We have been hearing for a while now how the workload for software developers keeps increasing and how development resources within organizations are getting more scarce . Meanwhile, the pandemic has drastically increased the demand for companies to digitalize their products and services, not just further increasing the need for development work but also presenting a greater challenge as these, often customer-facing apps, have much higher requirements on user experience and fidelity. And it’s not looking to improve any time soon .
No-code development tools have been heralded as a potential solution, in fact, there are claims  that you could reduce development time as much as 90% in some cases. This would be gigantic, as many of these customer-facing applications that organizations need to build are larger, costly projects compared to internal tools and enterprise apps. Still, the trust in pure no-code tools, and individuals without any coding experience, to deliver solid applications is not great , especially among the developers and IT professionals that are still responsible for making sure these applications run smoothly in the end. However, these tools seem to be great at producing simpler internal tools or extending existing SaaS applications, but for business-critical applications code still rules.
Then there are the Low-code tools, these are generally built for developers and include many of the great features of their No-Code counterparts incorporated into the workflow to significantly improve productivity. In this case, the no-coder, often called citizen developers, is invited to collaborate and become a productive member of the dev team, often providing invaluable domain knowledge. And it seems to be working , both enterprises and investors are all over this. The total investment in no- and low-code tools in 2021 is a staggering amount of money. Is this the future of application development? Maybe, it sure looks promising. However, we are still mostly talking about enterprise applications, for customer-facing applications and other high UX apps it seems like the picture is a bit different.
Product Designers, UI/UX Interaction Designers, and Visual Designers have their own weapons of choice. They use Figma, Sketch, and Adobe XD, and many organizations also employ prototyping at different levels using tools like Framer and UXPin. But in essence, this is still all about producing specifications and handing them over to the developers. Then there is a whole slew of products working on improving the handover so designers and developers don’t have to talk to each other. But is that the only way forward, or could we expect that what is happening with Low-Code tools will also start to make inroads into heavily design-driven development?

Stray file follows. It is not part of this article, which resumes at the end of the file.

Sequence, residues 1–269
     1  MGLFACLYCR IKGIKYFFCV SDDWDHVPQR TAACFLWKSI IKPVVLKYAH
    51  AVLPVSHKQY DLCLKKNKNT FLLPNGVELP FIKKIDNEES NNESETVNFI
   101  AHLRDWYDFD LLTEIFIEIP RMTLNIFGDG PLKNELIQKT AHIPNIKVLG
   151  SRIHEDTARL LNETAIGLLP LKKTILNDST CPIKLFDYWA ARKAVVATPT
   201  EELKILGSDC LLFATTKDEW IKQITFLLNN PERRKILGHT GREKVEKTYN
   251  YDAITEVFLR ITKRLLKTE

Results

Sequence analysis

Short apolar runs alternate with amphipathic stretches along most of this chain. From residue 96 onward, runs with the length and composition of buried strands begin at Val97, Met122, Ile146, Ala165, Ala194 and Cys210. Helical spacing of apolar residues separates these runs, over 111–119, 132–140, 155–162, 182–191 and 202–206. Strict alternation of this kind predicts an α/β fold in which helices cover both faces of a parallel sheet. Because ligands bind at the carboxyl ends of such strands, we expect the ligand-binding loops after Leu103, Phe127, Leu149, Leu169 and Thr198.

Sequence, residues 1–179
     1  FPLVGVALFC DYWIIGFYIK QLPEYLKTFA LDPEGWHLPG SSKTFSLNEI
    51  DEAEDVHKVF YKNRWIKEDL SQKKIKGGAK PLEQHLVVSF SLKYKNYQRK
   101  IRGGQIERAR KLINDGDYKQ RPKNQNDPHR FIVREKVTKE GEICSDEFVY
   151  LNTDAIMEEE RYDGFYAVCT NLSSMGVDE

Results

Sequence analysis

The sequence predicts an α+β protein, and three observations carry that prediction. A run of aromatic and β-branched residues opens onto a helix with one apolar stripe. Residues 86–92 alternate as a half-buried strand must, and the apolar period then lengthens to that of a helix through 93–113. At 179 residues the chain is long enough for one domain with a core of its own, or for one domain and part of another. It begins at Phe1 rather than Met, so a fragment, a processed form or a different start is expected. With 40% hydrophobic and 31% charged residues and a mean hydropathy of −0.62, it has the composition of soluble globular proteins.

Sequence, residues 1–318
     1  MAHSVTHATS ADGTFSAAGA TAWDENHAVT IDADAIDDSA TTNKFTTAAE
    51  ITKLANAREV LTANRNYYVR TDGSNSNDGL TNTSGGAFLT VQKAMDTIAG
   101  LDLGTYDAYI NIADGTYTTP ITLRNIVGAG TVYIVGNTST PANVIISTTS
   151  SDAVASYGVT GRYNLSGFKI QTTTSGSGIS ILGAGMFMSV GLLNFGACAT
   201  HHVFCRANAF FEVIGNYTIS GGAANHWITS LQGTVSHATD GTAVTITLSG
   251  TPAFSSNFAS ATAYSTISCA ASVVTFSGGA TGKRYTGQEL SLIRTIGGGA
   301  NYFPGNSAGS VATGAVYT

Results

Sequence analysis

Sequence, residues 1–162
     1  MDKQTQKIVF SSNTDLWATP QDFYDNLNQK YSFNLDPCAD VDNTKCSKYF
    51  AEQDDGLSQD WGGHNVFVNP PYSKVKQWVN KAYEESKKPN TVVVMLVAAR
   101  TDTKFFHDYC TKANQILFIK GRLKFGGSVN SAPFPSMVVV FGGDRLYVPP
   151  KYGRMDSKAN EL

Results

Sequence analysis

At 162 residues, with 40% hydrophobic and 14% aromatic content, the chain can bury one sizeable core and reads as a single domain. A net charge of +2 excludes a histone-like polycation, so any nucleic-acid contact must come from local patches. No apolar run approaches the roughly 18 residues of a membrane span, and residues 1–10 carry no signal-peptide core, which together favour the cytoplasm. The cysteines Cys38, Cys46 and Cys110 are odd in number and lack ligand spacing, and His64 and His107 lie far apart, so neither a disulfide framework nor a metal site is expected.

This is already old news in the game development industry. Almost all modern game engineers are highly cooperative environments where both designers and developers work on the final product together. The amount of design work needed to produce a high-level game today is staggering and the requirements on productivity have long been crushing, forcing the development of very capable tools and platforms. These platforms are now more or less a must for any serious game developer. Are we starting to see the same problem emerging for enterprises feeling the pressure of demand for high-quality, high UX digital products?
It could certainly be the case. Leading companies with high UX products such as Airbnb, Meta, and Amazon are experimenting with blurring the lines between their development and design departments. This includes efforts such as building internal tooling to allow designers to work directly with production code assets . But most companies don’t have the resources and experience of producing high UX applications to enable these kinds of workflows, and this is where Low-code tools can show to be a crucial part of the solution.
New Low-code tools are emerging and existing players are getting better at catering to designers as primary users. These future tools could provide an environment for designers comparable to the professional tools they are used to while also allowing technically savvy designers use visual programming to create interaction, flow, data driven design and logic. But the key, likely, is to make sure to integrate well with the tools and workflows that developers are used to, such as Visual Studio, Git and Typescript. That to me is at least a very exciting opportunity!